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I want to have multiple PyPI servers in my ~/.pypirc file so I can easily publish to different servers, depending on the project.

My use-case is this, I have some internal projects that I want to publish to an internal PyPI server (https://pypi.internal), and I have some public projects that I want to publish to the public PyPI.

This is my current attempt, but it doesn't work. I want to default to internal, and be required to add the -r pypi (to the setup.py command) if I want to publish to the public server.

[distutils]
index-servers =
    internal
    pypi

[internal]
repository: https://pypi.internal
username: brad

[pypi]
username: brad

Where am I going wrong?

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2 Answers 2

up vote 3 down vote accepted
+50

It's strange that there isn't built-in support for setting a default, but here are two options which may help you work around it.

Option 1: Probably the simplest solution would be to leave your ~/.pypirc script intact and create shell aliases for your internal and public uploads. This may give you more control over customizing things for your workflow.

Given this .pypirc file:

[distutils]
index-servers =
    pypi
    internal

[pypi]
repository: http://pypi.python.org/pypi
username: brad
password: <pass>

[internal]
repository: http://localhost:8080
username: brad
password: <pass>

Create some shell aliases (place these definitions in your shell's rcfile, e.g. ~/.bashrc):

alias ppup_internal='python setup.py bdist_egg sdist upload -r internal'
alias ppup_public='python setup.py bdist_egg sdist upload'

Usage:

% ppup_internal
...
running upload
Submitting dist/foo-0.0.0.tar.gz to http://localhost:8080
Server response (200): OK

Option 2: A hack: you can work around the default by patching the default repository name at the top of your setup.py scripts.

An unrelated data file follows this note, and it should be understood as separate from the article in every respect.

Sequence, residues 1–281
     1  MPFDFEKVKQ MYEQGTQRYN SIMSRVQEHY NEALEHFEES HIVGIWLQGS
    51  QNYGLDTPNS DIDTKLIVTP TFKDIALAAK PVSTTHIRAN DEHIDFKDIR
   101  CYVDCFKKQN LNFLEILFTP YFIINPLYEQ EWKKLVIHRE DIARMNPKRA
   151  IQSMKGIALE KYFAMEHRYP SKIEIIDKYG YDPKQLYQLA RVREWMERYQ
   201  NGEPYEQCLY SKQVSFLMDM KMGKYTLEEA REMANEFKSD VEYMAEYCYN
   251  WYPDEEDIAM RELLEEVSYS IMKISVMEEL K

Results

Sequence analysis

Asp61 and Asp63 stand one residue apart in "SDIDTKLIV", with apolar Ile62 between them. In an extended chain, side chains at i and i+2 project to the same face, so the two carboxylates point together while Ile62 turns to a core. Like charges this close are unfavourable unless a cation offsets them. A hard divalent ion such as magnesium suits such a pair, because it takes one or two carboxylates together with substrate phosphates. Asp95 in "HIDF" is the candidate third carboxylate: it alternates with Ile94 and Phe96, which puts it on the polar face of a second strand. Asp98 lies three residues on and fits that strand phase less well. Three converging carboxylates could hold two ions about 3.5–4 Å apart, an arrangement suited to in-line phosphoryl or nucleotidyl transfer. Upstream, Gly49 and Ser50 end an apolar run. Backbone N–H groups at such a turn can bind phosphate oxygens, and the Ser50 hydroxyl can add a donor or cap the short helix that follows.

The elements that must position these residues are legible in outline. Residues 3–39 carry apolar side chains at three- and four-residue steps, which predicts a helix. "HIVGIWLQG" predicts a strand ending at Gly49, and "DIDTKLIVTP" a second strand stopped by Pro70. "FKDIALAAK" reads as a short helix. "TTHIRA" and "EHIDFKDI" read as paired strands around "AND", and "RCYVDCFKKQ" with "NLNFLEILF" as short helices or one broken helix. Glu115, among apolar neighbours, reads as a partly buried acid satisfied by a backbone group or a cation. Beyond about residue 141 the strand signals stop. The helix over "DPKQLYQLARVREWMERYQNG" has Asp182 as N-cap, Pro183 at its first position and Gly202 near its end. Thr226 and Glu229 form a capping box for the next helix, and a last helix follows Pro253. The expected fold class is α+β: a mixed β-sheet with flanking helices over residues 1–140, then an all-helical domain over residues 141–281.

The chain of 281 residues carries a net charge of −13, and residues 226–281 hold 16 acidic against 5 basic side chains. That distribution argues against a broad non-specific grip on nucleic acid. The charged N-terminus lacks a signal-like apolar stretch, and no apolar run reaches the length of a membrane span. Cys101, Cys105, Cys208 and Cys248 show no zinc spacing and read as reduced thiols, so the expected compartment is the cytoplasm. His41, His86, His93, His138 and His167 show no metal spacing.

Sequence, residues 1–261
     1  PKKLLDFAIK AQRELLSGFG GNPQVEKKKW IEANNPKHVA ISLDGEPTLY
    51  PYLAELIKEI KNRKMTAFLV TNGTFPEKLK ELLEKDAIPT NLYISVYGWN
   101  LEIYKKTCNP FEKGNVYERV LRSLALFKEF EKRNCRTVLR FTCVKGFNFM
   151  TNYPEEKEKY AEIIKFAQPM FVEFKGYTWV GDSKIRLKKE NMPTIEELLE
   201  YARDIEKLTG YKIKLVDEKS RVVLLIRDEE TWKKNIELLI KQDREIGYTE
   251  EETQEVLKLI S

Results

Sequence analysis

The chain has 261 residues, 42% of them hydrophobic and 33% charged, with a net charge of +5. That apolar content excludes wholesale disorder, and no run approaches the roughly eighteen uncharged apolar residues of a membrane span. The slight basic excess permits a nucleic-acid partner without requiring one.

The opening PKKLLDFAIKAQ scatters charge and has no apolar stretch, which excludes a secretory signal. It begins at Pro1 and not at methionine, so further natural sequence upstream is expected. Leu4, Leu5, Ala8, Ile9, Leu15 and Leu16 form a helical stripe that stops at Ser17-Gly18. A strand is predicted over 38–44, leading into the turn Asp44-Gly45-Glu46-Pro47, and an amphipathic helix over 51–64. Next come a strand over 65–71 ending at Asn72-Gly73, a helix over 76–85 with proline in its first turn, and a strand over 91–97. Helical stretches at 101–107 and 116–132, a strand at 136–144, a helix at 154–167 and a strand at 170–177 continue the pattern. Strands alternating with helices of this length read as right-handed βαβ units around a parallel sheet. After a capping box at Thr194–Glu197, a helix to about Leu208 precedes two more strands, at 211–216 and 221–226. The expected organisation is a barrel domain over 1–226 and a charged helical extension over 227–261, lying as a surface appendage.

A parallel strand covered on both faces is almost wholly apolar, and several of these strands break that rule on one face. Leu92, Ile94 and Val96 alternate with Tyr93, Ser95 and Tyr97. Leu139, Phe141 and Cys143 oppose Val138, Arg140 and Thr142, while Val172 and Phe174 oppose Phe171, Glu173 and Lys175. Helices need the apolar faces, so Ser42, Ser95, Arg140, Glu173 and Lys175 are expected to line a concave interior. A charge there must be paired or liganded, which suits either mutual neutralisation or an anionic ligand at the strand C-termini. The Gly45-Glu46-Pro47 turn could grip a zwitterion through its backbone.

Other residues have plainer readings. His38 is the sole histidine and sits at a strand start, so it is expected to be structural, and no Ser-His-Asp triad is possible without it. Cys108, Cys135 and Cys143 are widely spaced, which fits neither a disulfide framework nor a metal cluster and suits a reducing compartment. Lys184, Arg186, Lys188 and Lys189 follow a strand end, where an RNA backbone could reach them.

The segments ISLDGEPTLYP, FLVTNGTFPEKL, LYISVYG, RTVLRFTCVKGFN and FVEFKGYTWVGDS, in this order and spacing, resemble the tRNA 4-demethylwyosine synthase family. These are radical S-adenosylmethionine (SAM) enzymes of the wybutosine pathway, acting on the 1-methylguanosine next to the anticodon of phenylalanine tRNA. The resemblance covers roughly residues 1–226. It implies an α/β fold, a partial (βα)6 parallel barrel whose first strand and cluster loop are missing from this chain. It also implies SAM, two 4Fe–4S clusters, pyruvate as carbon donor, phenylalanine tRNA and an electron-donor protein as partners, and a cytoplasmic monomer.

from distutils import config
config.PyPIRCCommand.DEFAULT_REPOSITORY = 'internal'
from setuptools import setup

setup(
    name='foo',
    ...

Output:

% python setup.py sdist upload 
...
running upload
Submitting dist/foo-0.0.0.tar.gz to http://localhost:8080
Server response (200): OK

% python setup.py sdist upload -r pypi
...
running upload
Submitting dist/foo-0.0.0.tar.gz to http://pypi.python.org/pypi
Server response (200): OK

Background: If you define the [distutils] key in .pypirc, the upload command defaults to the pypi url when the -r [repo] argument is omitted. The relevant code is in distutils.config.PyPIRCCommand:

class PyPIRCCommand(Command):

    DEFAULT_REPOSITORY = 'http://pypi.python.org/pypi'

    def _read_pypirc(self):
        if os.path.exists(rc):
            self.announce('Using PyPI login from %s' % rc)
            repository = self.repository or self.DEFAULT_REPOSITORY
            realm = self.realm or self.DEFAULT_REALM

The old format of .pypirc expected a [server-login] section, which was far less flexible since it only defines a single target repository. This isn't a workable option since the [pypi] section below will be unusable:

[server-login]
repository: http://localhost:8080
username: brad
password: <pass>

[pypi]
repository: http://pypi.python.org/pypi
username: brad
password: <pass>

Now by default distutils will use this target:

% python setup.py sdist upload
...
running upload
Submitting dist/foo-0.0.0.tar.gz to http://localhost:8080
Server response (200): OK    

But you can't access the any other repos: it silently defaults to the [server-login] properties:

% python setup.py sdist upload -r pypi
...
running upload
Submitting dist/foo-0.0.0.tar.gz to http://localhost:8080
Server response (200): OK    
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Thanks for going the extra mile on this one. It's very disappointing that it's not supported. config.PyPIRCCommand.DEFAULT_REPOSITORY = 'internal' is a bit confusing, does it refer to a section in .pypirc, or is it a URL to the server? –  bradley.ayers Apr 2 '11 at 6:41
    
Yep, I thought it best to lay out all options I could find. The string internal is the name of the section in the .pypirc which you want to be your default. So in your .pypirc you named your local repository [internal] so that line in setup.py will monkey-patch the default to be internal. –  samplebias Apr 2 '11 at 16:27
    
oops, I didn't realise I had to award the bounty separately, there you go. –  bradley.ayers Apr 4 '11 at 21:54
    
@bradley - no problem, and thanks! –  samplebias Apr 4 '11 at 22:45
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A similar problem is when you want to have an internal PyPI package repository to install from. In this scenario using pip install -e . rather than python setup.py develop completely side-steps this problem. See Can I use `pip` instead of `easy_install` for `python setup.py install` dependency resolution?

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